A band that cites T-Rex, Kiss, Guns N’ Roses and Cheap Trick as major influences really doesn’t need much of an introduction. Crash Kelly’s debut full-length is everything that lovers of the glammed-up side of rock & roll could hope for, and arguably more than they might expect in an era when the genre is generally seen as having only novelty value. Their retro leanings are evident in the raw guitar riffs, big rock solos and Sean Kelly’s inspiring vocals, which sound like they’ve been brought up on an artistically-healthy diet of cigarettes and alcohol.
‘Penny Pills’ varies from bouncy power pop gems like its title track, to the more riff-oriented ‘Irish Blessing 95’ – which, as well as a thunderingly rhythmic backing track, also features some superb rhymes. Meanwhile, mid-tempo ballad ‘11 Cigarettes’ is one of those songs that grabs you instantly and somehow seems extraordinarily pertinent to your life, even though you’ve no idea what it’s actually about.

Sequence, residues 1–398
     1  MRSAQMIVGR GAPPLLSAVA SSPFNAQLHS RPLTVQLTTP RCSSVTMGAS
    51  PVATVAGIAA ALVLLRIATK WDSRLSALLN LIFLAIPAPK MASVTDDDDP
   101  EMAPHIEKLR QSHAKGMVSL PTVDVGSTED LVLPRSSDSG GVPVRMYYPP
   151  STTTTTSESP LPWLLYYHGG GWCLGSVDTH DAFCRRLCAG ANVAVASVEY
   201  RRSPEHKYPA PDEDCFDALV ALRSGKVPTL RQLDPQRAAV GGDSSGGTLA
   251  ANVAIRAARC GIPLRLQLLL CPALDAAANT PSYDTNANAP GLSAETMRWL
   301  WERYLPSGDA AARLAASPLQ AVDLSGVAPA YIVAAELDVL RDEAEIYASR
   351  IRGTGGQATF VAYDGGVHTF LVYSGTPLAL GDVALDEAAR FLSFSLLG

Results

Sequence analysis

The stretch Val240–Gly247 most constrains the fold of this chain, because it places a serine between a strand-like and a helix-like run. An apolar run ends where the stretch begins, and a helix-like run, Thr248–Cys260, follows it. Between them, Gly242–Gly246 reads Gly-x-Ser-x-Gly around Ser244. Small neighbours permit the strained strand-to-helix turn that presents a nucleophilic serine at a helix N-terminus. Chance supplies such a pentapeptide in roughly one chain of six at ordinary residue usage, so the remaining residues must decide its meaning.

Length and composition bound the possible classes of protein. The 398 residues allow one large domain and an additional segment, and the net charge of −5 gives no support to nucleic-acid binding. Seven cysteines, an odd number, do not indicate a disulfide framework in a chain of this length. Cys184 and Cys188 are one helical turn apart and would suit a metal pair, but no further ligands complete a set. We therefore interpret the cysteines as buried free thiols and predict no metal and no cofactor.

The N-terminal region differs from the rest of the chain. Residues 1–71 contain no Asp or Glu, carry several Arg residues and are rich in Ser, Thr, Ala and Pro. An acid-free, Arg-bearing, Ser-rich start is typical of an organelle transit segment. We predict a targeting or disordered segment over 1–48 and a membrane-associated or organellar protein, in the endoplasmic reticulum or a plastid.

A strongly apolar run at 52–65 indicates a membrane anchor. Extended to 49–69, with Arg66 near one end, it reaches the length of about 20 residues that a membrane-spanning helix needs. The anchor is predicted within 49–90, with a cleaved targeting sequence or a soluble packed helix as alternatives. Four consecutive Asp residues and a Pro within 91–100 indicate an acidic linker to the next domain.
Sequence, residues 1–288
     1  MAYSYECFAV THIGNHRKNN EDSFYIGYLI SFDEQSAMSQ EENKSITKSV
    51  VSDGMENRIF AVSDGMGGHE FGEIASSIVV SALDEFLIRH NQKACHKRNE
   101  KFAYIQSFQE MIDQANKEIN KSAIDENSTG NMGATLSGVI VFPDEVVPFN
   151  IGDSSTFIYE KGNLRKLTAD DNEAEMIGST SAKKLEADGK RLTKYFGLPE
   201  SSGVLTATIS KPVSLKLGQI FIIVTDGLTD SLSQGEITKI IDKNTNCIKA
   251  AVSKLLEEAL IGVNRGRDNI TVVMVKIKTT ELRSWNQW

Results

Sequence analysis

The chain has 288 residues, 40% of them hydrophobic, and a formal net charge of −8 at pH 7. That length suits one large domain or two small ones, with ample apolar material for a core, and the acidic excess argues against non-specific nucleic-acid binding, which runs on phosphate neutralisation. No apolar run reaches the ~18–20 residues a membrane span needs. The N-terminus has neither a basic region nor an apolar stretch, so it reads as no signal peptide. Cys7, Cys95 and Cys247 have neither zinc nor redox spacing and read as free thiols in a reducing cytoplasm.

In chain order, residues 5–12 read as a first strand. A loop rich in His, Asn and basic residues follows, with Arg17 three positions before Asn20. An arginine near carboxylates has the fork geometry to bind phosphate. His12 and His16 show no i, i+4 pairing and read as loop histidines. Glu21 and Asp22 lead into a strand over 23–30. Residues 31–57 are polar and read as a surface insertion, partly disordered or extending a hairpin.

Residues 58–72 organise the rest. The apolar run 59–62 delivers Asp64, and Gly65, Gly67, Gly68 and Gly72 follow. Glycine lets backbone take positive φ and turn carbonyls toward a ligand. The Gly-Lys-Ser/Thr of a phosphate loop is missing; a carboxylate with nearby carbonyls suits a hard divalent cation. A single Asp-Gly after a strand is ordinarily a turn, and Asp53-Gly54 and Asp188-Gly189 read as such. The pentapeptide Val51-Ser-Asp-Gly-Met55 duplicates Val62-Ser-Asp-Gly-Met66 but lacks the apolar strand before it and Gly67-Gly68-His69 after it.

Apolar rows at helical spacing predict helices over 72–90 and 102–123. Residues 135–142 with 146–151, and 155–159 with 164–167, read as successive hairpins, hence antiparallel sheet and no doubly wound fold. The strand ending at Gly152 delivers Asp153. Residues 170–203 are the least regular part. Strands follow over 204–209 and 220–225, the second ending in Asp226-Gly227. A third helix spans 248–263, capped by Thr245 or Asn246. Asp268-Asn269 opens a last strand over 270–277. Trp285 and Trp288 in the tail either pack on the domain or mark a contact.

Despite its stylistic familiarity, there is nothing half-hearted about Crash Kelly’s sound. The only way a band can get away with so brazenly mimicking its forebears is if it puts everything into the delivery – and, disregarding the subdued and disappointing cover of Rainbow’s ‘Since You Been Gone’ that rounds off proceedings, in this respect ‘Penny Pills’ is a reassuring surprise.
8Mr Ben's Score